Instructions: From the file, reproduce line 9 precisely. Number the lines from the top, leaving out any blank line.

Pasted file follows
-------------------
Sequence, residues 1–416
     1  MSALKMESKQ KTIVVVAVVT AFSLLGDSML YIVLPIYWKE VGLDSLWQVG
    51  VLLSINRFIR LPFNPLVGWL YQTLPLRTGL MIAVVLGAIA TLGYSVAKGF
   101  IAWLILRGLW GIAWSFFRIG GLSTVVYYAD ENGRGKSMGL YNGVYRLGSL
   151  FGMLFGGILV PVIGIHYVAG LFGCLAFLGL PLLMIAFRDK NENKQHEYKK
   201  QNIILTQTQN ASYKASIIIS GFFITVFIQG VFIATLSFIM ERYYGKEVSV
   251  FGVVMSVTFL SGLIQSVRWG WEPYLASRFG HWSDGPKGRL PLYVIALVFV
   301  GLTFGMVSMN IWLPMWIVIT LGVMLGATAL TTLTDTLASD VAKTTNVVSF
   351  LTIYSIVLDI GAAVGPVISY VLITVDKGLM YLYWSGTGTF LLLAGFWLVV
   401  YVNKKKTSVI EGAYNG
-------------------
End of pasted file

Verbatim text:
   351  LTIYSIVLDI GAAVGPVISY VLITVDKGLM YLYWSGTGTF LLLAGFWLVV